Giant tarpon caught on fishing trip had impressive appearance, color


The rare golden tarpon landed by angler Will Chapman while fishing with Capt. Patrick Dineen swims away.
The rare golden tarpon landed by angler Will Chapman while fishing with Capt. Patrick Dineen swims away. Photo provided

The world record tarpon is 286 pounds, 9 ounces.

The world record goldfish is still to be determined, but estimates say they grow to 30 pounds.

The world’s largest golden tarpon?

That may have just been caught by 16-year old angler Will Chapman while fishing with Capt. Patrick Dineen of Flyliner Charters.

“We were just blind melon fishing,” Dineen said. “The fish were down on the bottom so we were fishing deep. When we hooked it I didn’t think much of it and it didn’t jump right away. The bite was on my rod, so I handed it to Will. We tried for a minute to hook another while the fish ran.”

Without seeing the fish, the anglers and Dineen didn’t know the hooked tarpon was one of a kind.

It wasn’t until the fish jumped and Dineen saw it that he realized it might be something special.

“It ran way off and finally jumped. When I saw it I said, ‘Man that fish is different. We have to catch this one,’ and started to chase it.”

As Chapman worked the fish on a Van Stall reel and G. Loomis rod, his father, Mark, didn’t see the fish until it was closer to Dineen’s 24-foot Skeeter.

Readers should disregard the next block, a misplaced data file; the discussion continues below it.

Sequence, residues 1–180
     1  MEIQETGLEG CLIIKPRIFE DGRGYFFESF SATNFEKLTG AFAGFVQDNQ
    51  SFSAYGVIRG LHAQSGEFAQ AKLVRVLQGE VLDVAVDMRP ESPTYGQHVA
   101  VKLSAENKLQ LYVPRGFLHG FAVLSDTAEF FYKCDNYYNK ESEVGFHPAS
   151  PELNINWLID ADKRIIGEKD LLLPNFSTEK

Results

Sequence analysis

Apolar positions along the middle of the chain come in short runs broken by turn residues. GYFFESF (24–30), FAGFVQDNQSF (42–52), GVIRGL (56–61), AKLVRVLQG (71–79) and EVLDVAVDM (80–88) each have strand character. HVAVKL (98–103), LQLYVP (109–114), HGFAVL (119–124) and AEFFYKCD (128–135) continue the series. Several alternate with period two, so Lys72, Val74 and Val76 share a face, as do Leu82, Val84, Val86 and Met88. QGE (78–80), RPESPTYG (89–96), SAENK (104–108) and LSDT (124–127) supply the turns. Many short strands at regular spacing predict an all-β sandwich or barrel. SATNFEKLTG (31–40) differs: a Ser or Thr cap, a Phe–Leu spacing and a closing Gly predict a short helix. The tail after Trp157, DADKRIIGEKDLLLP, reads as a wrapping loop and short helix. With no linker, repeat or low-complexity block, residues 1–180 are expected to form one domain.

“We did not realize the fish was different until halfway through the 20-minute fight,” Mark Chapman said. “Will said the fish looked like a giant koi. It was absolutely beautiful once he got him near the boat, the tips of his pectoral fins were lit up bright blue similar to a pelagic.”

The closer it got, the more Dineen wanted to catch it.

Will worked the fish to the boat like a pro despite it being his first encounter with a tarpon.

It was landed and estimated to be around 100 pounds, kept in the water for a few once-in-a-lifetime photos, then released to fight another day.

While most tarpon have a dark-colored back, Will’s was somewhere between peach and gold. It was a solid, unique color, with no spots or color changes.

Some called it piebald like the spotted tarpon landed two years ago with Capt. Clark Wright. Others described it as xanthic, maybe even albino.

Either way it’s a fish that will live in the history of rare angler catches.

Dineen has landed countless tarpon over the years, but this is one he will never forget.

“Wherever the pigmentation was, it was golden," he said. "All the silver parts were almost white. It was a captivating type of fish. My God, was it beautiful.”

Solunar table


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Source: U.S. Naval Observatory data